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rum in the British navy, rum was formerly regulation issue for sailors; in Australia during the early days of New South Wales it was also an important medium of exchange.

In North America, from the early 19th century, rum has been used generically for intoxicating liquor, particularly by those advocating temperance.
Rum Hospital a hospital in Sydney, Australia, the building of which was undertaken in return for the granting of a monopoly on the import of spirits from 1810 to 1814.
Rum Rebellion the rebellion against William Bligh, Governor of New South Wales, by officers of the New South Wales Corps (the Rum (Puncheon) Corps) in 1808, when Bligh had attempted to limit the importation of spirits into the Colony.

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rum1 / rəm/ • n. an alcoholic liquor distilled from sugar-cane residues or molasses. ∎  intoxicating liquor. rum2 • adj. (rum·mer , rum·mest ) Brit., inf., dated odd; peculiar: it's a rum business, certainly they were a rum bunch. DERIVATIVES: rum·ly adv. rum·ness n.

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rum Spirit distilled from fermented sugar cane juice or molasses; may be colourless and light‐tasting or dark and with a strong flavour. Traditionally rum is darker and more strongly flavoured the further south in the Caribbean it is made.

There are three main categories: Cuban, Jamaican, and Dutch East Indian; and several types: aguardiente (Spain, Portugal, and S. America), Bacardi (trade name, originally from Cuba), cachaca (Brazil), cane spirit (S. Africa), Demerara rum (Guyana); 35–60% alcohol by volume, 250–420 kcal (1.0–1.8 MJ) per 100 mL.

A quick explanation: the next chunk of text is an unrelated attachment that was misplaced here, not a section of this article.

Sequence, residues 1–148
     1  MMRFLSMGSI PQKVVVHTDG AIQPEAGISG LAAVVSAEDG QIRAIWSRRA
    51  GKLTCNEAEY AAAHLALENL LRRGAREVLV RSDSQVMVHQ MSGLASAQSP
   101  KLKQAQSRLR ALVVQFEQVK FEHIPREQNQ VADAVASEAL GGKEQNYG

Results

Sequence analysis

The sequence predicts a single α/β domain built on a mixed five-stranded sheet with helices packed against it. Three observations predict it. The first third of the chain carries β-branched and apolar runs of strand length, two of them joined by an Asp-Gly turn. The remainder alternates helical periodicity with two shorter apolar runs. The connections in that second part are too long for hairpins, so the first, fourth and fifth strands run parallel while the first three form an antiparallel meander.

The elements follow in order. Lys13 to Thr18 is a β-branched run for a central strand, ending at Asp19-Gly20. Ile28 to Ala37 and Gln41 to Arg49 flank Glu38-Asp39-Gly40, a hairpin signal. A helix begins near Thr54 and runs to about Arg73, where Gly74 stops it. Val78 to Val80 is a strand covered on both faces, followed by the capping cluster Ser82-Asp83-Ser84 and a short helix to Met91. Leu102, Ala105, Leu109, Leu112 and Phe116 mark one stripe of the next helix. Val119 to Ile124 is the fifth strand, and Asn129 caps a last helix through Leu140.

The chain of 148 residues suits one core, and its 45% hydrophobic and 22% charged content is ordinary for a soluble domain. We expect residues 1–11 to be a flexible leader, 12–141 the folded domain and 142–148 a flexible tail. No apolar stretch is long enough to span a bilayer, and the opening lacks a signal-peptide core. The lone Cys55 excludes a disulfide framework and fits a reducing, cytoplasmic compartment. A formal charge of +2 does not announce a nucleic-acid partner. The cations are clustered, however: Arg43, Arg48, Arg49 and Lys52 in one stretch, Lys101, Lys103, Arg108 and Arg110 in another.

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rum Alcoholic spirit made by the fermentation of molasses and other sugar-cane products, which are then distilled. When distilled, rum is colourless, but storage in wooden casks and the addition of caramel give it a brown colour.

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rum2 (sl.) queer, odd. XVIII. of uncert. orig.
Also rummy1 (-Y1) XIX.

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rum1 spirit distilled from sugar-cane products. XVII. perh. shortening of slightly earlier rumbullion, rumbustion, of unkn. orig.

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